Digest

Sen. Kerry berths yacht in R.I., saving $500,000; Detroit hit man sentenced

BEAR TRAPPED A bear climbed into an empty car in Larkspur, Colo., knocked the shifter into neutral and sent the vehicle rolling 125 feet into a thicket.
BEAR TRAPPED A bear climbed into an empty car in Larkspur, Colo., knocked the shifter into neutral and sent the vehicle rolling 125 feet into a thicket. (Ben Story/associated Press)
Saturday, July 24, 2010

MASSACHUSETTS

Kerry berths yacht in R.I., saves $500,000

Sen. John F. Kerry (D-Mass.) is docking his family's new $7 million yacht in neighboring Rhode Island, allowing him to avoid paying roughly $500,000 in taxes to his cash-strapped home state.

Rhode Island has become something of a nautical tax haven since repealing its sales and annual excise taxes on boats in 1993.

Kerry spokesman David Wade said Friday that the boat is being kept at Newport Shipyard not to evade taxes but "for long-term maintenance, upkeep and charter purposes." Wade noted the vessel was designed by Rhode Island boat designer Ted Fontaine and purchased in the state. It was built in New Zealand by Friendship Yachts.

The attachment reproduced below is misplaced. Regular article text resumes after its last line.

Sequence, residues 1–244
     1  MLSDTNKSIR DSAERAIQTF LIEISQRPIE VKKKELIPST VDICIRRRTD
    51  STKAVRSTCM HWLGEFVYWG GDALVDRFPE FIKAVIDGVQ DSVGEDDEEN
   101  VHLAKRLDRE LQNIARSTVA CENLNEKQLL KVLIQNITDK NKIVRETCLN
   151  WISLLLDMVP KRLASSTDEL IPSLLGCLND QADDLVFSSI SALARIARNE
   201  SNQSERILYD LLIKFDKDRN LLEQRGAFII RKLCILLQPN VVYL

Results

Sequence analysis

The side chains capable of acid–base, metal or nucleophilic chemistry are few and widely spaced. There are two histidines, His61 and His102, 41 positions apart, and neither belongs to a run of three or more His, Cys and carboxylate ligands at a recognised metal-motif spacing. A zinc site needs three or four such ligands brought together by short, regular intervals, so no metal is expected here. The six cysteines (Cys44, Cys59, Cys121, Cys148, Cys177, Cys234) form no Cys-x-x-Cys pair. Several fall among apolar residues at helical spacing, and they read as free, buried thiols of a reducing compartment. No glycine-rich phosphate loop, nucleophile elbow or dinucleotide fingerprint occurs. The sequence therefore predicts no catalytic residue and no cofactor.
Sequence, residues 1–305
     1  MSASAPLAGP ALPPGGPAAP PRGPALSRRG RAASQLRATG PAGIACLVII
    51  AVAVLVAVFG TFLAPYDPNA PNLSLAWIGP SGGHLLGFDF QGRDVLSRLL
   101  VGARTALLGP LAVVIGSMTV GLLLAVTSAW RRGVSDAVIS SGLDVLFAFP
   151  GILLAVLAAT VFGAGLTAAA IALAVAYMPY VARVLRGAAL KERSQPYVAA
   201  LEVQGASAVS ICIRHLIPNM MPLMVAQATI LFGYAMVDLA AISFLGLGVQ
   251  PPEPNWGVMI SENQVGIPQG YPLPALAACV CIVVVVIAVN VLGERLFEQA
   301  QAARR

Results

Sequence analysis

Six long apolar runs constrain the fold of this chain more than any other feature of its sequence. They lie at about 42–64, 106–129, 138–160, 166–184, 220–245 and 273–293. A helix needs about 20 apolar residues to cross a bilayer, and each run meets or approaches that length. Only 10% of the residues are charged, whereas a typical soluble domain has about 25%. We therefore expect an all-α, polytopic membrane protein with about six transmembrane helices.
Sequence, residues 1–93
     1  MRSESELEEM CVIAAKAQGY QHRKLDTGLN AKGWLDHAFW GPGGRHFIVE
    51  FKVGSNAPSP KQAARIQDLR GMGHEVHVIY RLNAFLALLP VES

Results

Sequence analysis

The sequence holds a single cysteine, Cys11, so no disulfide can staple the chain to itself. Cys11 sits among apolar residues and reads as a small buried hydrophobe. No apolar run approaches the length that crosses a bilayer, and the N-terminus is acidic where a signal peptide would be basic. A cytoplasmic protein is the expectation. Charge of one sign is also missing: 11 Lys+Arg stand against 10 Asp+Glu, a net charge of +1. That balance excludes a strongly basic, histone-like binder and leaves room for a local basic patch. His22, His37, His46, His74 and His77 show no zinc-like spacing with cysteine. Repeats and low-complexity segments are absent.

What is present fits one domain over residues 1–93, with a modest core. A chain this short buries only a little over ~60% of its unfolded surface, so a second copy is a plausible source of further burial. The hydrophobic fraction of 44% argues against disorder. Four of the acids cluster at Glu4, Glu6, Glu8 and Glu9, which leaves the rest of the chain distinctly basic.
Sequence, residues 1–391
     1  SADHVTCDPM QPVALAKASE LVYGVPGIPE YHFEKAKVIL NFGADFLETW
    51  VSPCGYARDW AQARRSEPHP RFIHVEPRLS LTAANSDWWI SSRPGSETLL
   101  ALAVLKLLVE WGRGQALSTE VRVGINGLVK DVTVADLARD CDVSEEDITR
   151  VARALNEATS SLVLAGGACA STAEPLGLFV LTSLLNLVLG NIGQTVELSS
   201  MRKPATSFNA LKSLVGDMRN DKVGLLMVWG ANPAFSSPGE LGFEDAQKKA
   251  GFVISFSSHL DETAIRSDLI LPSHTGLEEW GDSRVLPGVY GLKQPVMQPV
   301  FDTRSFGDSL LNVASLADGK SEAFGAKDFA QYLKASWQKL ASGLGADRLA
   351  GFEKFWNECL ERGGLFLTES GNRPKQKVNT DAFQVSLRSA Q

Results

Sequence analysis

A Revenue Department spokesman said Kerry would be liable for Massachusetts taxes if he berthed the boat in the Bay State -- say, at Kerry's summer vacation home on Nantucket or in Boston Harbor near his city residence -- within six months of its purchase. If the Isabel were brought to Massachusetts after that period, the state would have to decide whether it wanted to pursue the taxes.

The 76-foot sloop has two cabins, a pilothouse fitted with a wet bar and cold wine storage, according to the Boston Herald, which first reported its Rhode Island berthing. The vessel is owned by Great Point, a limited liability corporation based in Pittsburgh, the longtime home of his wife, Teresa Heinz.

-- Associated Press

MICHIGAN

Hit man gets 52-year sentence in plea deal

A killer-for-hire who admitted that he murdered eight people and other victims he cannot remember was sentenced Friday to at least 52 years in prison as part of a plea deal that kept him from a mandatory life term and spared his victims' relatives from a series of emotional trials.

Vincent Smothers confessed to the Detroit killings during a sequence of sometimes-remorseful interviews with police in 2008. But there was no sign of contrition in court.


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